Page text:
In addition, it must be said that this strategy is normally designed for the consumer audience. The detail is that every company has several audiences – employees, suppliers, strategic partners and investors are just a few examples – and all of them can be sensitized by a transmedia content strategy.
Therefore, when it comes to thinking about actions that involve your different audiences, there is no reason to fail to offer an interesting and memorable experience.
Are there any success stories with the transmedia strategy?
Fortunately, there are many examples of good transmedia strategies to illustrate this post and also to inspire you to take actions with high engagement in your company. Next, we’ll talk about a few. Follow!
In the late 1990s, author JK Rowling began launching a series that would revolutionize the world of children’s books. The English writer has an even greater merit, as she knew how to continue telling the story of her characters, even after the publication of her last book.
Rowling established a series of points of contact with her readers, starting with Twitter. In her account, she started to talk about facts of the life of the characters that were not explored in the story.
Then she set out to create an online platform, Pottermore, where fans of the series could audition to officially find out which Hogwarts house they would be in if they were students, what kind of magic wand they would have, what animal their patron would be , among other curiosities. On the site, she also started publishing unpublished content from the wizarding universe.
Then she started writing scripts for plays and films, derived from the original saga. In each of these channels, a part of the universe created by her is being revealed to fans, who never tire of absorbing more information about their favorite characters and new inhabitants of this magical world.
In 2014, Volkswagen decided to stop manufacturing the iconic Kombi model, the square utility vehicle that became one of the symbols of the peace and love generation in the 1960s.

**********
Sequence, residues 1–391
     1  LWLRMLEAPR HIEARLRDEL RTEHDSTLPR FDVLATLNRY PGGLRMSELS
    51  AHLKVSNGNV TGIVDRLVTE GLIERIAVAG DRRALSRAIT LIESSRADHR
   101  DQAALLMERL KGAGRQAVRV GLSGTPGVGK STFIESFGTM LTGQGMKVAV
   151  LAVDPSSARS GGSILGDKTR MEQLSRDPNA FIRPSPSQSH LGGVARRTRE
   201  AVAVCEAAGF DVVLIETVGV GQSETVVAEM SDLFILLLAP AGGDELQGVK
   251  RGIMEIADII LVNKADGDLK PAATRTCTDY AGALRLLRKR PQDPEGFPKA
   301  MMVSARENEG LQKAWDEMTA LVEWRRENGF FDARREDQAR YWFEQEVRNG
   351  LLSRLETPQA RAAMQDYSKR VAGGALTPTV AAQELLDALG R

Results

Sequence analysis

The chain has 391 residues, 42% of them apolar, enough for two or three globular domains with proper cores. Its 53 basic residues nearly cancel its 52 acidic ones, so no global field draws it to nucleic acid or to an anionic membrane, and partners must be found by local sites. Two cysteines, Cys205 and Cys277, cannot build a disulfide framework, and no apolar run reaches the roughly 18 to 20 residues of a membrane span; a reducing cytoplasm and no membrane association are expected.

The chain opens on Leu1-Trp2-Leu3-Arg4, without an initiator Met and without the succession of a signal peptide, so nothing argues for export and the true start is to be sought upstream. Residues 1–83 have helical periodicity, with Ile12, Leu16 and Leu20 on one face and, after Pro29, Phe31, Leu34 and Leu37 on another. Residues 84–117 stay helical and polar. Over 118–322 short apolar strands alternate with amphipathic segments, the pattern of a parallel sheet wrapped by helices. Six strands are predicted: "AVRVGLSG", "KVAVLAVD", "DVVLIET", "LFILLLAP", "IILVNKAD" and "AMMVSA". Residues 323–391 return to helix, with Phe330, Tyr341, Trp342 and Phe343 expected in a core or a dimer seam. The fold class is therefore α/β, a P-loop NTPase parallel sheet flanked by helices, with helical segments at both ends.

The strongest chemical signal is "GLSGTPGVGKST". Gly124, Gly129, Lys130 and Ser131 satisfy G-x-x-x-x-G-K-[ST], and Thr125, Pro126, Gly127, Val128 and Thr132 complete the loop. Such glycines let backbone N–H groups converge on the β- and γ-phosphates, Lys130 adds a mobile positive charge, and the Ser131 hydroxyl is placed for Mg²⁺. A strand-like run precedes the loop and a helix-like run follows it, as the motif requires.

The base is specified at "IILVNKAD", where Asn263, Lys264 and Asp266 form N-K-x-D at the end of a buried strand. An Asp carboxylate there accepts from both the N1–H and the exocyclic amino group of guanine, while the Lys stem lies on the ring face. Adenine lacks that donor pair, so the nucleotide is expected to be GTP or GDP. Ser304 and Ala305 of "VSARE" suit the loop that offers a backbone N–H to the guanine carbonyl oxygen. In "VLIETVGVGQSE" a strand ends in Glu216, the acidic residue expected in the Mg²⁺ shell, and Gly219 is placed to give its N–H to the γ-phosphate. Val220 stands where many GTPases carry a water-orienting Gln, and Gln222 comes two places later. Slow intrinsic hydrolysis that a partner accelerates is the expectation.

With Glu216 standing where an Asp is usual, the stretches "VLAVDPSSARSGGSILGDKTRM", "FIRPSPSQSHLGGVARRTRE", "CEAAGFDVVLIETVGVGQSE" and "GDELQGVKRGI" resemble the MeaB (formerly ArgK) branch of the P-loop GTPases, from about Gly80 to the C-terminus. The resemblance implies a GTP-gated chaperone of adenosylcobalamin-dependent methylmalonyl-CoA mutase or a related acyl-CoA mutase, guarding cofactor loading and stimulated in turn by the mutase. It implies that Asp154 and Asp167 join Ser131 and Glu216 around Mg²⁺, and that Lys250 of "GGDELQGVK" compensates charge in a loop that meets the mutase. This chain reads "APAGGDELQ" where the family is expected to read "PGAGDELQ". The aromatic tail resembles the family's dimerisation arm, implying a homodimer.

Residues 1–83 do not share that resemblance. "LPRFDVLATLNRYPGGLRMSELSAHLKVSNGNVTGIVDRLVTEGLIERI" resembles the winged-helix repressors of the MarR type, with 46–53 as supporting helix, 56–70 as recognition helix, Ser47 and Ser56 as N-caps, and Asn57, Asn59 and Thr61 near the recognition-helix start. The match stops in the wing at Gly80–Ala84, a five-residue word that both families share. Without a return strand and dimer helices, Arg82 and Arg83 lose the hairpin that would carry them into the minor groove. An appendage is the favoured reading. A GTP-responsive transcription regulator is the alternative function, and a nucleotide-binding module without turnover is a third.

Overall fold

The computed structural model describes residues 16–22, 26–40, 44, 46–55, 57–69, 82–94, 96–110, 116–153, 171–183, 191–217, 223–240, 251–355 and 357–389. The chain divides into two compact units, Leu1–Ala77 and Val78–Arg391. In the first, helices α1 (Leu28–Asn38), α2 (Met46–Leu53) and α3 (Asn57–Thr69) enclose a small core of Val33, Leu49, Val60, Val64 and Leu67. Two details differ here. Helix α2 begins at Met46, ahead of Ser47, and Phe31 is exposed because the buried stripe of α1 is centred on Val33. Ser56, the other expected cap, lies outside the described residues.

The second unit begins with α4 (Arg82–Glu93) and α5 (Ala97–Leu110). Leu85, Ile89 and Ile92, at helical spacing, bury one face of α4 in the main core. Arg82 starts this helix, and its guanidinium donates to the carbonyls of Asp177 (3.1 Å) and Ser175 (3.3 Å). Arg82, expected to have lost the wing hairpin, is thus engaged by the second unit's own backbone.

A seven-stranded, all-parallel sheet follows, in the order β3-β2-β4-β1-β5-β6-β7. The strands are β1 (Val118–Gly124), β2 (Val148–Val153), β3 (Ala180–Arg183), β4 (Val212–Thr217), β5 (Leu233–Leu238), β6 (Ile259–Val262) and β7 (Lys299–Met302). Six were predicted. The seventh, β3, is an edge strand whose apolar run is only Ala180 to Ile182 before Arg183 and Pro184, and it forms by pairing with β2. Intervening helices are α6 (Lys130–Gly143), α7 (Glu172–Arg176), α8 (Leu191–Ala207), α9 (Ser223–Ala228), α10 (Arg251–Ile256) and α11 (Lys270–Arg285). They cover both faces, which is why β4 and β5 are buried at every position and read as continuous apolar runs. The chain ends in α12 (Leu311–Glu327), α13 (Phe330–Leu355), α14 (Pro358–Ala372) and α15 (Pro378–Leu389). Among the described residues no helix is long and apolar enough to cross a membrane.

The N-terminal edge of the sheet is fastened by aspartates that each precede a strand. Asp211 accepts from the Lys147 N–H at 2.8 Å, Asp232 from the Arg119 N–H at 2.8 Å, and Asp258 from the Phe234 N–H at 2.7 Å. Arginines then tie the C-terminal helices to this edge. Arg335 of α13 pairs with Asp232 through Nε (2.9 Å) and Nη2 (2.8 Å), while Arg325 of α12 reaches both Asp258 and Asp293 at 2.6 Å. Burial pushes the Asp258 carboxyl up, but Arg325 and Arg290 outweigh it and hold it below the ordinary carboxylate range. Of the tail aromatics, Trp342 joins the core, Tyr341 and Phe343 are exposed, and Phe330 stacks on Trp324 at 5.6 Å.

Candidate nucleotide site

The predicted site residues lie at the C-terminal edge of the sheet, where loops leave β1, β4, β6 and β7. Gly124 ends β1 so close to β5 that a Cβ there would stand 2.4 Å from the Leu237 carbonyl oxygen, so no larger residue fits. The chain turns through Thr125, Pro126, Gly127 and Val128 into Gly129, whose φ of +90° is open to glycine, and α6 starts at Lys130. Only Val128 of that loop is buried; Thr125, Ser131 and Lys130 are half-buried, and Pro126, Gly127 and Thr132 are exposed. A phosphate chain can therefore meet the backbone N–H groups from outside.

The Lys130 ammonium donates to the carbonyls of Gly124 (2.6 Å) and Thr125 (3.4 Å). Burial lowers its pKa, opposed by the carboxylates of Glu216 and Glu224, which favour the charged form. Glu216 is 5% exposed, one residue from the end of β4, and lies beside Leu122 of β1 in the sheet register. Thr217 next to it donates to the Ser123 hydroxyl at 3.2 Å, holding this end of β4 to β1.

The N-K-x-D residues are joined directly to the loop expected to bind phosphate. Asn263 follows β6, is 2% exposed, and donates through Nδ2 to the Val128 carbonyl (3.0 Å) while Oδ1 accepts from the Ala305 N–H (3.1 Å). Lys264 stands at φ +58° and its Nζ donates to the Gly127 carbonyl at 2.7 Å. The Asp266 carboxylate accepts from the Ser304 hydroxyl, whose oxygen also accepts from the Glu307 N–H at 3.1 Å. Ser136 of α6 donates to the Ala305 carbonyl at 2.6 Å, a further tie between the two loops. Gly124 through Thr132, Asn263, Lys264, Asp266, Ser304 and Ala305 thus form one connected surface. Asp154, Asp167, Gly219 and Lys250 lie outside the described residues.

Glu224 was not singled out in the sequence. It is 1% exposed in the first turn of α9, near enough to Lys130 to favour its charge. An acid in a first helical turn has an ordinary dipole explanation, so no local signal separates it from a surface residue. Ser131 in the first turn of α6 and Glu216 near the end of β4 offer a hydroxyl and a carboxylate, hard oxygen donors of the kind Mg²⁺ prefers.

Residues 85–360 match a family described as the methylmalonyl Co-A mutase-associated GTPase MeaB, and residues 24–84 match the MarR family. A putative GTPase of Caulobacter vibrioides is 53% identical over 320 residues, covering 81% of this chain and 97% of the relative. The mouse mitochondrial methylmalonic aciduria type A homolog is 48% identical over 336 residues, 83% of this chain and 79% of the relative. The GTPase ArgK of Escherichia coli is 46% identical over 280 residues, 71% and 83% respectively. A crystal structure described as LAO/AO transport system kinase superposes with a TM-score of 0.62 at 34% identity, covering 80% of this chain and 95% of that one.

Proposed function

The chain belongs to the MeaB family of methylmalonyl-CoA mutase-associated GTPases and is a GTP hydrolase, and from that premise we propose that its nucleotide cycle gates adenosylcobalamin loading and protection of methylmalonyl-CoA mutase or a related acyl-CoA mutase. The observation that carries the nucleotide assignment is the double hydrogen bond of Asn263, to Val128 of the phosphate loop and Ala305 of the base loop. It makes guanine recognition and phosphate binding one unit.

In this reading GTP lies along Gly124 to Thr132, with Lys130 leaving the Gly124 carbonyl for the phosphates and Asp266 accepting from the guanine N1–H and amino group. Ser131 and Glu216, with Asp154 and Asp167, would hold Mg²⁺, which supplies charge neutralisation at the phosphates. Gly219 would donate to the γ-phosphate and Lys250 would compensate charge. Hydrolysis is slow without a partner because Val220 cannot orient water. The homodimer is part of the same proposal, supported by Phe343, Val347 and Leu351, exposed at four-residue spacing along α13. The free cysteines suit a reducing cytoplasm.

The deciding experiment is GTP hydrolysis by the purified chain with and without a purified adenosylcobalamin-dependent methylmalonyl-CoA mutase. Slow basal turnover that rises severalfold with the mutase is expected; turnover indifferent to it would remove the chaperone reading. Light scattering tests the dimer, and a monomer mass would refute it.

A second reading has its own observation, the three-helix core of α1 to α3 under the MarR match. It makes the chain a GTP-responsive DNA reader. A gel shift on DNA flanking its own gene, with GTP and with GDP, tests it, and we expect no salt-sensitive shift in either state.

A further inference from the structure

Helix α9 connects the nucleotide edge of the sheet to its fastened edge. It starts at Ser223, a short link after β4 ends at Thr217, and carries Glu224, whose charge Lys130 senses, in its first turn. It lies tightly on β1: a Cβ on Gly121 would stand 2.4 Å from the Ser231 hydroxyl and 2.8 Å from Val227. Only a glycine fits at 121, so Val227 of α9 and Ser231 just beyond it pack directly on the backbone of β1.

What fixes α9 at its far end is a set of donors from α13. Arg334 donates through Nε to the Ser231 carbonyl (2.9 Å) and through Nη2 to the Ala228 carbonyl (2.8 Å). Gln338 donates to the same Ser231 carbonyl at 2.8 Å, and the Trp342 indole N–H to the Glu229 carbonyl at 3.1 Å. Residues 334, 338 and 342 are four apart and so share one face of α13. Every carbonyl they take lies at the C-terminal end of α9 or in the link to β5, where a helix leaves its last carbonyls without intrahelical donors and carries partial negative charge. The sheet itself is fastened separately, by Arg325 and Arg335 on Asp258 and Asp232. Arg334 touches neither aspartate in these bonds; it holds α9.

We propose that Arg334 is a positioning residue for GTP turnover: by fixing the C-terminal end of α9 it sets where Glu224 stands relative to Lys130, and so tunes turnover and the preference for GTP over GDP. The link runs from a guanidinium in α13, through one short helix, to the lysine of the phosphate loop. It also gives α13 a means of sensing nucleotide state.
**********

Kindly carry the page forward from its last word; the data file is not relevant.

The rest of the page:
To highlight the historical moment in the brand’s trajectory, they applied a transmedia narrative that can be considered an example of good practice in the area.
First, the manufacturer’s press office released press releases for all vehicles, announcing that the model would be phased out. The fact was widely covered all over the world, starting a commotion.
Then, the company published in the newspapers a ad that brought the estate of the estate, with his last wishes – an emotional text that evoked memories in consumers who already had some kind of connection with the car.
The actions culminated in a Kombi farewell video, narrated in first person, recounting the vehicle’s memories and distributing its “inheritances” to people who had strong links with the model. The video included images from previous actions, tying the entire campaign concept.
If there is one company in the world that is an icon for the use of transmedia strategies, that company is Disney. Current owner of the main narratives that have constituted pop culture in the Western world since the mid-20th century, the company has numerous examples of the application of the strategy to disseminate its stories.
We will punctually explore Frozen, as it was one of the biggest recent phenomena of the brand. Based on the book called “The Snow Queen”, by Hans Christian Andersen, the story was released in an animated film in 2013.
Even before the release of the feature, Disney was already working on the theme song for the film, “Let It Go”, recorded by teen star Demi Lovato. In theaters, the movie was a hit, and the fever of the frozen world did not pass when it came out.
After launch, mobile and video game games were developed, where players could explore the corners of Aradelle’s kingdom. Disney released children’s books with short stories involving the characters in the plot and telling episodes of their lives that were left out of the main narrative.
All this without counting the CDs of the soundtrack, which contained songs that were not in the film and told other parts of the story, the attractions in the amusement parks of Disney and the ice shows, with Elsa and Ana on skates driving children crazy In all world.
From these examples, it is possible to see that the strategy of telling the same story in different media can be applied to all types of segments.
It can also come into play as an action in any part of the company’s history, from its entry into the market to the exit of a model line, through the launch of new products or services.
For a transmedia strategy to achieve success, it is important to view communication strategically and find different roles for each medium, so that the audience wants to know what is happening in all of them.
Now that you have understood this concept well, here you can also learn how to use the best available media to promote your business.